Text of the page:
Someone told me the other day there was like, this train? Between Minneapolis and St. Paul? And I thought, well, sure, the freights, they go back and forth. No, no, he says, it’s a train that has people on it. Anyone can ride it. And I’m like, get out of here. I would have heard about that.

But he insisted it was for reals. (That’s what he said, “for reals,” which is more reals than just one, so he had to be telling the truth.) I went down to University Avenue to see for myself, and holy crow: There is a train!

Did you hear about this?

Well, I don’t know if I’m not paying attention, or what, but it does explain the articles in the paper about the Green Line and the news on the radio about the Green Line and the blimp that went overhead trailing a GREEN LINE banner — and let’s not forget the guy who was walking down the street the other day clanging a bell exclaiming, “HEAR YE HEAR YE, THE GREEN LINE IS FULLY OPERATIONAL!” and that explains the clanging sound I’ve been hearing down the street. Thought that was cows or something.

So I read stories about this race, where they timed who got from St. Paul to Minneapolis faster — bike, car, bus or the train thing. If I was the bike guy, I would have wandered over the tracks and pretended to get hit by the train, because then an ambulance would come and you’d beat everyone else.

But there are some other tests they should have done.

• Train vs. shot out of a cannon

Obviously you need a big cannon, and it reminds you that cannon dealerships are closed on Sunday. Why is that? Anyway, there aren’t many places downtown where you can stretch a big net. You could have aimed for the Metrodome but that’s gone. Still, if you could work out the bugs, it would be fast. I know, I know — you’re worried about the carbon output of a series of controlled explosions that shoots people from one city core to the other, but I’m thinking compressed air might work. But in terms of ease of use and price, there’s only one practical option. Winner: train.

• Train vs. windsurfing

Kinda depends on the weather, and from what I understand the bikes don’t like it when you windsurf in their lane and they have to duck when your mast comes whipping around. I know there’s a move to make our urban cores more “surfable” but it’s probably a few years out. Winner: train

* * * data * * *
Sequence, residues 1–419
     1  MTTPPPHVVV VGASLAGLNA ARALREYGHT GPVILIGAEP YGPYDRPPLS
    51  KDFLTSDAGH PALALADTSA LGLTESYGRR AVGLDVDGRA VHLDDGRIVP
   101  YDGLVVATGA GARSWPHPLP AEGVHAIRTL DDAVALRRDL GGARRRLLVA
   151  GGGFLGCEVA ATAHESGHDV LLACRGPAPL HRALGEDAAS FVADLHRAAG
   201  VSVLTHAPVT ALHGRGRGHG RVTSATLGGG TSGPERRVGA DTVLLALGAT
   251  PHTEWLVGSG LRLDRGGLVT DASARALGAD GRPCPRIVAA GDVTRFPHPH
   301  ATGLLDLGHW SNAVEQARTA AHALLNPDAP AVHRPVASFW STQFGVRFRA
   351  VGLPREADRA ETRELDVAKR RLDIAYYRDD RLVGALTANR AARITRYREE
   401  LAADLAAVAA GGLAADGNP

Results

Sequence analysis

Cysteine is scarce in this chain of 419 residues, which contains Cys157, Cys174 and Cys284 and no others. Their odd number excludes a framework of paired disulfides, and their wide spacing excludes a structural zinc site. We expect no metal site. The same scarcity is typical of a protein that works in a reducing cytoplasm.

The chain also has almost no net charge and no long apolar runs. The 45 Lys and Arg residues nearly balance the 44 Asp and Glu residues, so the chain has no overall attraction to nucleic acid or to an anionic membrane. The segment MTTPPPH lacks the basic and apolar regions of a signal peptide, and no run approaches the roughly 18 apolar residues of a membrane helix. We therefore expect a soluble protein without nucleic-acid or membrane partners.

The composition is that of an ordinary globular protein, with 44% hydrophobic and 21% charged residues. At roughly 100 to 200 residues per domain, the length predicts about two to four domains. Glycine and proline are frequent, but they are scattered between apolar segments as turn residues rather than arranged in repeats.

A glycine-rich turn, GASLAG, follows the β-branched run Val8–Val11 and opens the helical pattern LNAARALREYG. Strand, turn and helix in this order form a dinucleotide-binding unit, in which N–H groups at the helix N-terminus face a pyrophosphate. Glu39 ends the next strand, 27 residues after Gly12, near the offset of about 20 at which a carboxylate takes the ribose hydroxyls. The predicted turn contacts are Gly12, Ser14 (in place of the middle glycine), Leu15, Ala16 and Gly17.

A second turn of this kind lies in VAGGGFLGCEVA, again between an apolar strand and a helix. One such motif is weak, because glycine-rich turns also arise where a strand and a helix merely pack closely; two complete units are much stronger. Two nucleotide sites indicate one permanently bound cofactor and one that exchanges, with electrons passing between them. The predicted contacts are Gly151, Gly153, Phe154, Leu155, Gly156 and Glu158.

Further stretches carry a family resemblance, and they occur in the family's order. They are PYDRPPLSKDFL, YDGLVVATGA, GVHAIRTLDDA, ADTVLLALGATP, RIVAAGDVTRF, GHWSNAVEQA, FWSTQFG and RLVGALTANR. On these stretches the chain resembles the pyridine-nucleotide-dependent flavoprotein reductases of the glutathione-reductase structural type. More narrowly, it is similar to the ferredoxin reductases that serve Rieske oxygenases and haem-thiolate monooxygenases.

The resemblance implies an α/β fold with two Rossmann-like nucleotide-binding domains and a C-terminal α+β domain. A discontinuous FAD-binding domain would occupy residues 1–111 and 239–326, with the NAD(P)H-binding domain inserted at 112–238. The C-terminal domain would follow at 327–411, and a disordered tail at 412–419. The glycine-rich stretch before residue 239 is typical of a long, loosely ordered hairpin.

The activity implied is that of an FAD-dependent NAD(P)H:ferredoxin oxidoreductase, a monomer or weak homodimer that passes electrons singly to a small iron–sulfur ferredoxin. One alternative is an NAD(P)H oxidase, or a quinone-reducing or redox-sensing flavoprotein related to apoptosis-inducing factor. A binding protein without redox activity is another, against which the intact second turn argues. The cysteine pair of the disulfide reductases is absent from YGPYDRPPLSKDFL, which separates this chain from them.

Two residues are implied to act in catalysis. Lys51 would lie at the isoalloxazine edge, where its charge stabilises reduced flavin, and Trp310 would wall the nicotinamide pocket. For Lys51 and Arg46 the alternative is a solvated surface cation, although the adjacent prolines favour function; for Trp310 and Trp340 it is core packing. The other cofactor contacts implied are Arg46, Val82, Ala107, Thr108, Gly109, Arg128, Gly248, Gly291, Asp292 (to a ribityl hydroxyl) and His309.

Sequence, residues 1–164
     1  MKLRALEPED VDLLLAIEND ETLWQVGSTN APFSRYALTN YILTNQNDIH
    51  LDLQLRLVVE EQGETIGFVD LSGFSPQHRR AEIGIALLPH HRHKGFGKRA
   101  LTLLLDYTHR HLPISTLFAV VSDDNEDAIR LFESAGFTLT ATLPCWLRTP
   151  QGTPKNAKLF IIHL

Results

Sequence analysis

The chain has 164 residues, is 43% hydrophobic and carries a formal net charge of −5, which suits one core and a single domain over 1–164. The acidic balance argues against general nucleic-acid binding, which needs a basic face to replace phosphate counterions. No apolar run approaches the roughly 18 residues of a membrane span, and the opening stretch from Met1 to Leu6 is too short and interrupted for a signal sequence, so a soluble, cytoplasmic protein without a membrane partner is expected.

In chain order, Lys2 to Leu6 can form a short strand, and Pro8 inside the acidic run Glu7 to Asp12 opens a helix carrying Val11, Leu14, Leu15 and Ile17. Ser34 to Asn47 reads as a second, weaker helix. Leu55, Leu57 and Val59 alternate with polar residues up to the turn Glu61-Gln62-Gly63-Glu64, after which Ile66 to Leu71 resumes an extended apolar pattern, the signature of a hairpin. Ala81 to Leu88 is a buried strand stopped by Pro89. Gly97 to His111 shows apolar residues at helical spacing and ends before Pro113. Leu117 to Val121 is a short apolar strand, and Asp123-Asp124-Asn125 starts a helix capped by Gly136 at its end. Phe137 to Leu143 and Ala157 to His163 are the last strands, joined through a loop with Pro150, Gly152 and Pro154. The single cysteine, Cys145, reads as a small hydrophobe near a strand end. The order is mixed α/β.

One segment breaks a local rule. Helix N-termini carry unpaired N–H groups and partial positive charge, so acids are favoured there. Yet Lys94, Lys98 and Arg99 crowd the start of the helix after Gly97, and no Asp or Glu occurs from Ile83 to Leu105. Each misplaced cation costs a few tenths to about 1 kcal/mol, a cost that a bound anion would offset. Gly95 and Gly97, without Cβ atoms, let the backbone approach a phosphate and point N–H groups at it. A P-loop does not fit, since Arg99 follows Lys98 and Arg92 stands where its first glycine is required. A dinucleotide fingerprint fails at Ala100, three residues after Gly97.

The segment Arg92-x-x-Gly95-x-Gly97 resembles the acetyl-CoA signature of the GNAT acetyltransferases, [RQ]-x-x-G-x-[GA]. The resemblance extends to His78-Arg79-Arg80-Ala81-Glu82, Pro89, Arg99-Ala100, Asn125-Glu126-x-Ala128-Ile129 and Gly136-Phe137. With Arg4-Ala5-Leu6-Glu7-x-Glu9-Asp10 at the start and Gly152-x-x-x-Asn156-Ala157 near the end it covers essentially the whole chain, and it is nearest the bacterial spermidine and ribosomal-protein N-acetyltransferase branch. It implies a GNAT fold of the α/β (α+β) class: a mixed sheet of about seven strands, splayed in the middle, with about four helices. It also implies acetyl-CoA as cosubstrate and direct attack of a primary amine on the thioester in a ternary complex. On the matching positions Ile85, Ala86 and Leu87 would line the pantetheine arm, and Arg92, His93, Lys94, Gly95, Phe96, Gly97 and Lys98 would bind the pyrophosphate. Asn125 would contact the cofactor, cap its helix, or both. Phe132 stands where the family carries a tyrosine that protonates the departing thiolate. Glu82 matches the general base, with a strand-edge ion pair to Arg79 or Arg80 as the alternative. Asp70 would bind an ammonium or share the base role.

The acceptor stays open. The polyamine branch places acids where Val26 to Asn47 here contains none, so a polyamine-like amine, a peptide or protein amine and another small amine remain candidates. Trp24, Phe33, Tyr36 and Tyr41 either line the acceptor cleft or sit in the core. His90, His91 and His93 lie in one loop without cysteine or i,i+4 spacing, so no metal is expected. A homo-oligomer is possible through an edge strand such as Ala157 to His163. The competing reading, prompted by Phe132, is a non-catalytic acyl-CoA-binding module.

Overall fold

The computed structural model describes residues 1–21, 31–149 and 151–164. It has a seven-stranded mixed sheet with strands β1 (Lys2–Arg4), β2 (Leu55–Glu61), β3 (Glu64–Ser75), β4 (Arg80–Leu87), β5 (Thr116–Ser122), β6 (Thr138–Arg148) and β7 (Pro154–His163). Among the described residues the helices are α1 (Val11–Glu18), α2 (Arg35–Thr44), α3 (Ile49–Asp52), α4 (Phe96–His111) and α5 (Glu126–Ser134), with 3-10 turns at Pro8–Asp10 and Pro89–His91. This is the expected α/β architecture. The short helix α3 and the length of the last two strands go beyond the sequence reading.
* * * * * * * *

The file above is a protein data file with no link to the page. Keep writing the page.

• Train vs. holding on to the end of the train while wearing Rollerblade

Pretty much a wash, but cheaper. You would have to crouch so the conductor doesn’t see you, and it would probably hurt to stand up at the end. Also, the train takes a sharp turn when it gets to the University of Minnesota, and if it’s moving fast and you lost your grip you’d barrel down Washington Avenue and it’s either grab a light pole or shoot right into the Mississippi. Winner: train, which so far has not ended up in the river.

• Train vs. crawling 65 blocks on your stomach over broken glass

After a couple of blocks you’d think, “What am I doing?” and hail a cab, but they’re not so easy to hail. It’s not like other cities where there are lots of cabs just cruising around. There’s that Uber where you can call a ride on your smartphone, but you’d have to install the app first, and you’d lose time going back to your place to download it because it’s cheaper to use your Wi-Fi instead of the data plan, right? Winner: train

• Train vs. jetpack

You know those things in the James Bond movies? Those have to be faster. But I’m pretty sure that studies show they don’t have the same impact on development along the way. I mean, no one says, “Oh, there are going to be hundreds of people flying past on jetpacks. Let’s renovate this old factory into condos.”

Maybe coffee shops with takeout windows on the second floor, but they’d have to provide pretty fast service; if you have to circle around, it adds to your commute time. Winner: train

• Train vs. another train right behind it

Depends which one you’re on, I think. Winner: train — obviously.

• Train vs. matter disassembly-and-transportation device

Scientists say they’re closer than ever to transporting matter, but experiments so far seem to be limited to changing the quantum state of particles. Even if they invent it for people, I think more people prefer the train, because the worst that can happen is it’s delayed, whereas with teleportation there’s the chance you get reassembled on the other end and your hand is coming out of your forehead now. Not going to happen with your train-type situation. Winner: train

• Train vs. car, bike or bus

Haven’t really thought this one through, but I suppose it depends on what you like. Speed, cost, likelihood of showing up at the office sweaty, whatever. I just know this: “Green Line” doesn’t really sum up the experience of going from here to there. I suppose it’s OK for out-of-town folk who think, well, Green goes to the building where they make laws, and we want the airport, so we’d better stay off that one.

But it’s a train, and trains need names, like the Zephyr, the 20th Century, the City of New Orleans. No one’s saying we should call the Green Line the City of New Orleans, because you’re looking at a false-advertising suit. Green Line is like Terminal One, and we all know how soulless our airport names sound now.

How about the Lindbergh Limited? The Humphrey Trundler? If they ever decide to build the Southwest route, call it the Lazarus Line — after something else everyone thought was dead.